Foreign Exchange


(BBE; 2004)

By Chet Betz | 3 November 2007

When “Let’s Move” pushes the sample that sounds like forest music at the beginning of a Disney fable, and the keyboards emulate the melody, and the white fairies turn Nubian and BGV on the hook, the viewer smiles and anticipates the evil stepmother’s attempt to squelch the sunshine. But in the Atlantic distance that separates Little Brother emcee Phonte and Dutch producer Nicolay, there’s only an amicable international partnership, and their contributions to each other have all the gusto and friction of pen pals who have never met. The evil stepmother never shows, and the utopia of Connected continues for its Disney movie running time without a hint of conflict or heat or disturbance.

The Postal Service employed a similar sort of instant message-in-a-bottle methodology; presciently, the separation that stultified Gibbard’s and Tamborello’s strengths has a lesser but still recognizable effect on the Foreign Exchange. Technically, Phonte and Nicolay may be as connected as the album’s title suggests, but their finalized draft of ones and zeroes feels infected by the most common of digitally transmitted diseases: boredom.

“Von Sees” begins all mayonnaise mellow keyboards, a lag soon joined by bass and keyboards too slothful to pick up the slack. Phonte casually raps an introduction and some shout-outs; he and Nicolay are making supermarket hip-hop. “Raw Lifes” offers an immediate modicum of redemption, the bass clicking just so with the key riff, the drums still dragging behind but bringing up the rear, and at 2:35 the music builds a bridge traversed by telephoned vocals until the bumping verse breaks back in. Nicolay’s music reverts to doldrums on “Hustle Hustle,” but the emcees rev their tongues and let loose quickly on their verses, smoking the track’s air with exhaust while the hook’s horns trump. Despite the enervated bunny rabbit nature of Connected, there still lingers a solid sense of the talents at hand bouncing off each other on a quest to find kinetics that can span the ocean.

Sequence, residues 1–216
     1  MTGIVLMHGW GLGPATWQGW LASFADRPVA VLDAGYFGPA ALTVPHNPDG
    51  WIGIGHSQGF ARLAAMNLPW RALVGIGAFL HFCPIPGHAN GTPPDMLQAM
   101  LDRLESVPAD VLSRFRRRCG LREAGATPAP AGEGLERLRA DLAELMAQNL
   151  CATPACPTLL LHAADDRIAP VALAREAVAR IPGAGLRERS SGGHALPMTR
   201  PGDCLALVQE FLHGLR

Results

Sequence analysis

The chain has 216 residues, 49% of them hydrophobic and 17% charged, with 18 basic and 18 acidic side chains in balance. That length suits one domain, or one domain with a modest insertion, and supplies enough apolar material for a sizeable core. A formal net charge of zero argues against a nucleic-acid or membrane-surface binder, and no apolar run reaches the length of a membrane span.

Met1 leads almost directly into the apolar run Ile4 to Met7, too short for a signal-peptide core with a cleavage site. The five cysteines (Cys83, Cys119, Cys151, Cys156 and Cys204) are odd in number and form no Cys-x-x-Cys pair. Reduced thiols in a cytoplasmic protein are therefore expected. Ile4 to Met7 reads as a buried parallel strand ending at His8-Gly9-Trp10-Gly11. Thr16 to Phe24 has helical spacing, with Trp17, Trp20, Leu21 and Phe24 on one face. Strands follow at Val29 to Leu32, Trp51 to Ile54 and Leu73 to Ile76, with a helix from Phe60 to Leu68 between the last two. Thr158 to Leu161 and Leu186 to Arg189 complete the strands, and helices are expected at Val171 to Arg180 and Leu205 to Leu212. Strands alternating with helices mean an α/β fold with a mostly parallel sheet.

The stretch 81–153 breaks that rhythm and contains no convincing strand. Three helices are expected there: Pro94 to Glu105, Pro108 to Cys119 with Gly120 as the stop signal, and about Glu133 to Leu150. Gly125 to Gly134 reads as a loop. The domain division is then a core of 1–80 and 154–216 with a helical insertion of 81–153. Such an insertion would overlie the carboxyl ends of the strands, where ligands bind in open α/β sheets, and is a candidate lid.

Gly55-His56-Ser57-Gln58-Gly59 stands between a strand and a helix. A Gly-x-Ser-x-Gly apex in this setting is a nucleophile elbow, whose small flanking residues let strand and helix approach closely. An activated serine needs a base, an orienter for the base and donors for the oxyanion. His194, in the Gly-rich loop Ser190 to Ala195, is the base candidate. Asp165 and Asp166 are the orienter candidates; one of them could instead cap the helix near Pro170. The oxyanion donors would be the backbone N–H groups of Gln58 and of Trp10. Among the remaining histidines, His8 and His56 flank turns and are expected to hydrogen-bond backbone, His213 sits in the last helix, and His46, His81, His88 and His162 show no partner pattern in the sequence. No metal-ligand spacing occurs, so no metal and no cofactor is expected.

The effort to push the song particles into collision is nearly futile, though, due to the chill of the album's circumstances and the coyness of its artistic goals. With all the craftsmanship and skill applied for the sake of creating something so innocuous, Connected begs to be the best music that an impotent man can listen to when he cuddles with girls softer than cupcakes. After the beautiful bass line slow grind of “Nic’s Groove,” the castrated “Be Alright” flips the lens to soft-focus and makes Diddyesque rap & blues. “Sincere” and “Brave New World” teeter on the edge of insipid. “The Answer," “Happiness” and “All That You Are” all drive in the right direction, demonstrating the ample promise of Foreign Exchange to create strong grooves with feeling and class, but no song quite reaches that warm final destination where every listen is like a shot of bourbon. The arrangements lack verve and volume in their reliance on slow synthetics and tepid drums; vocals blunted of intensity deliver ambitionless lyrics.

The Foreign Exchange seem willing and able to cook up classic soul and R&B for the hip-hop era, but the great Marvin Gaye and Al Green and Sam Cooke records reeked of desire. With monitor light seeping into their faces, Phonte and Nicolay slouch in their chairs, non-erect. The hook of “Come Around” assures that the ladies need have no fear, but that's not just because of some gold halo of intentions; The Foreign Exchange is sterile.